the basis of the number of trains in operation, for the first-
line troops alone. If we add the transportation of the
reservists to their regimental depots, and that of the regi-
ments to the places of concentration of their respective
army corps, we may conclude that the mobilization and con-
centration of the first-line troops alone involved the running
of about 10,000 trains within the period of twenty days.

Besides this the British Expeditionarj^ Force was conveyed
from the ports of disembarkation, Calais, Boulogne, Havre,



454 The Great War

and Saint-Nazaire, to Mons in about eight days, August
12-20, an operation which involved the running of about 420
trains continuously day and night. For about a vv^eek the
military trains on the Northern Railway (Chemin de fer du
Nord) followed one another at intervals of six minutes.

The headquarters of the German army corps were as
follows: I, Konigsberg; II, Stettin; III, Berlin; IV, Magde-
burg; V, Posen; VI, Breslau; VII, Munster; VIII, Co-
blentz; IX, Altona; X, Hanover; XI, Cassel; XII, Dresden;
XIII, Stuttgart; XIV, Carlsruhe; XV, Strassburg; XVI,
Metz; XVII, Dantzig; XVIII, Frankfurt-on-the-Main ;
XIX, Leipzig; XX, AUenstein; XXI, Saarbriick; I, Bava-
rian, Munich; II, Bavarian, Wiirzburg; III, Bavarian,
Nuremberg; Prussian Guard, Berlin.

The service performed by the railways in Germany was
even greater than in France. The German railways requi-
sitioned for military purposes are subject to the orders
of the military authorities in regard to the regulation of
traffic. A General Inspector of Communications and Rail-
ways is appointed on the outbreak of war, who takes the
place of the Chief of the General Staff in relation to the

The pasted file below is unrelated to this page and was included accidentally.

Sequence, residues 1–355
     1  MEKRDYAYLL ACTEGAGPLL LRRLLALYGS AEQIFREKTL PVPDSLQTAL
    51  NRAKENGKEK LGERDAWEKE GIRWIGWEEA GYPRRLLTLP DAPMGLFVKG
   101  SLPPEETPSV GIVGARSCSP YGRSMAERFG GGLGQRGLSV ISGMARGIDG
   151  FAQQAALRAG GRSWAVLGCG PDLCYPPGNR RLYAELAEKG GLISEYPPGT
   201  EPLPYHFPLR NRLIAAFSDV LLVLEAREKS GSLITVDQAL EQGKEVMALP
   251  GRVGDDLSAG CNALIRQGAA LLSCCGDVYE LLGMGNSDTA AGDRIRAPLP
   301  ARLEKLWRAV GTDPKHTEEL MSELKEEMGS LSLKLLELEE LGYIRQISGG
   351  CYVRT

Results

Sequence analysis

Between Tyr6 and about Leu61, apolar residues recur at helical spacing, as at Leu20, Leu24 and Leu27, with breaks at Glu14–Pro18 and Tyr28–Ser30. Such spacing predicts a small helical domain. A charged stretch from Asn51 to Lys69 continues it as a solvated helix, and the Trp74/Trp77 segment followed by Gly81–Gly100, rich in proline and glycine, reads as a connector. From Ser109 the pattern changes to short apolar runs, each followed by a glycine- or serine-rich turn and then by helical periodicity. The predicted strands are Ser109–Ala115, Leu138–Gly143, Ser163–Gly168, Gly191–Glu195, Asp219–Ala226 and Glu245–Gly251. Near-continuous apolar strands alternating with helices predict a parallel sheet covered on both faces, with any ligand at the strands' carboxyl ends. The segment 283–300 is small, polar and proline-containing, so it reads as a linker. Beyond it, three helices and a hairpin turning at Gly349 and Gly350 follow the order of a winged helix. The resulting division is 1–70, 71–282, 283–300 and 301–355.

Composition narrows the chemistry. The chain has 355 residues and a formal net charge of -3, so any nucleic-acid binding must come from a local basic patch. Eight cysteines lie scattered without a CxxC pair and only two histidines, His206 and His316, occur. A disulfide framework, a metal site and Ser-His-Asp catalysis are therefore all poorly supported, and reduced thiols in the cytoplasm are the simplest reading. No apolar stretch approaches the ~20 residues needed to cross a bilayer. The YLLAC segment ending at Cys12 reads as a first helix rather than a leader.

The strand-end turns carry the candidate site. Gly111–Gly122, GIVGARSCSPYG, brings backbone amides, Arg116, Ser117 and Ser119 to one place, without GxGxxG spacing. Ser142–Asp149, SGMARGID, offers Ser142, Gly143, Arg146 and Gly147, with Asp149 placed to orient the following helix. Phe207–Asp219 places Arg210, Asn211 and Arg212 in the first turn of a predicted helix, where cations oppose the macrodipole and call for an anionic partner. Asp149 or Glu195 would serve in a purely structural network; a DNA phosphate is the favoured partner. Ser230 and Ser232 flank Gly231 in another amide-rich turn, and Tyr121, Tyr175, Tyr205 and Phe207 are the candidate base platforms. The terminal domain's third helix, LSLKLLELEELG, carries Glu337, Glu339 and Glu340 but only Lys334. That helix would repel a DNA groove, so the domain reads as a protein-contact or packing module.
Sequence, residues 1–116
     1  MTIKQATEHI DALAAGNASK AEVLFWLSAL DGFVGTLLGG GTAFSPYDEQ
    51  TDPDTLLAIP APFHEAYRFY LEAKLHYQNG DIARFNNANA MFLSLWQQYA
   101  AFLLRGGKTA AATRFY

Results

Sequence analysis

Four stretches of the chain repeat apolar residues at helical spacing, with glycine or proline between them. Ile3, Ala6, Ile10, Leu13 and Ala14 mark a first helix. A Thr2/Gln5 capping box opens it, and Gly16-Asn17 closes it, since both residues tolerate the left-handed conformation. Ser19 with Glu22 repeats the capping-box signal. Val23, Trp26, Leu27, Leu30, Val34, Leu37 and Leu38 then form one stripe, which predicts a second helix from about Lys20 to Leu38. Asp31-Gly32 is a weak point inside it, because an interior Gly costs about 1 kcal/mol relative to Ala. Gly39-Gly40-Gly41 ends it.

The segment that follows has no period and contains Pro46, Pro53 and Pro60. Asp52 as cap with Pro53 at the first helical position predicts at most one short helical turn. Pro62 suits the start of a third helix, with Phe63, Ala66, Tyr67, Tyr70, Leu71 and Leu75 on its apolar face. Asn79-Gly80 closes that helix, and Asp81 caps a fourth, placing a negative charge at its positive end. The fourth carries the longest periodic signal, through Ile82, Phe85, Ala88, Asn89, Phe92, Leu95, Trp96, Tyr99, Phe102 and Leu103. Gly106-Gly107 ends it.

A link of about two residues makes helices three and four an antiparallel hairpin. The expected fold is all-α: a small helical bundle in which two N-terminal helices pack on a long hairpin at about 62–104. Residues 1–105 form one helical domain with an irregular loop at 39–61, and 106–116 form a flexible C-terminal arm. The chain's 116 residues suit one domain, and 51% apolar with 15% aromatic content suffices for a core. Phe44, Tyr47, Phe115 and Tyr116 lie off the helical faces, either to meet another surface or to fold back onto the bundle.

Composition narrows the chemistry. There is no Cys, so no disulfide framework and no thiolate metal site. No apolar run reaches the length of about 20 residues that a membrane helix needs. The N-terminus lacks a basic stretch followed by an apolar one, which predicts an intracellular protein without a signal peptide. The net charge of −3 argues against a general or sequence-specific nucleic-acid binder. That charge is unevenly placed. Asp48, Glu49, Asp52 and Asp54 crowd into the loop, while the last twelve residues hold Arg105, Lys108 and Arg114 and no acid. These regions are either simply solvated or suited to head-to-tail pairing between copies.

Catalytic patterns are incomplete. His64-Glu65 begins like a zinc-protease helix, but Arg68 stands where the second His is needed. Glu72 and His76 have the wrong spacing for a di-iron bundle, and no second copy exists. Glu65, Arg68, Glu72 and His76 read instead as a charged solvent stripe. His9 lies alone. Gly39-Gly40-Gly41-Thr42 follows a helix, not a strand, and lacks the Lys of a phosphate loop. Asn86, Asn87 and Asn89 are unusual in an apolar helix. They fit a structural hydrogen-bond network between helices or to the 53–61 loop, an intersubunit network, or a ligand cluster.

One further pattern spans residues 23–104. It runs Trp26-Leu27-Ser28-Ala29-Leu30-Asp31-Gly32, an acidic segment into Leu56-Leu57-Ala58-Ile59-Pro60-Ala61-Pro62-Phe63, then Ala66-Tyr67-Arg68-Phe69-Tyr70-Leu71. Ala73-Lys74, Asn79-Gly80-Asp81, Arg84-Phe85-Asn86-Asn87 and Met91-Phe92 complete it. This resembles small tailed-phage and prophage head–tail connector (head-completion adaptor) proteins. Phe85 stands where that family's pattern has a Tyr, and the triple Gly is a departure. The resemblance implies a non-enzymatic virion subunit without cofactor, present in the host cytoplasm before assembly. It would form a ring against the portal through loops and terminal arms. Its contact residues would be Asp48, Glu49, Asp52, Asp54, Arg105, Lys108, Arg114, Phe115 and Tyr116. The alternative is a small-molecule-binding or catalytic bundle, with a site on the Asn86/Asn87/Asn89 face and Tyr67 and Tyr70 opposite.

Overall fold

railways and determines the general principles for their
administration. A Military Railway Chief issues the in-
structions for the control of the service. Line-commanders
superintend the execution of the military dispositions on
the respective lines committed to their charge. Schedules
for the operation of the railways during the transportation
of the troops are kept constantly in readiness in time of
peace. They provide for the running of the greatest
number of trains which each line can accommodate. The
Military Railway Chief decides how many of these trains
shall actually be put in operation. Whenever mobilization
is ordered the date is inserted in the time-tables which are
ready at hand and they are immediately posted up in the



The Mobilization of Military Forces 455

stations. The speed of the military trains usually varies
from about fifteen to twenty miles an hour. For con-
venience the twenty-four hours of the day are divided
into six periods of four hours each. The trains are timed
at uniform intervals throughout the day, except that one
of the six periods is left vacant to allow for delays in the
operation of the trains as arranged in the schedule for
the other five periods.

The actiial operation of the trains within the field of
military movements may be taken over by the military at
the order of the General Inspector of Communications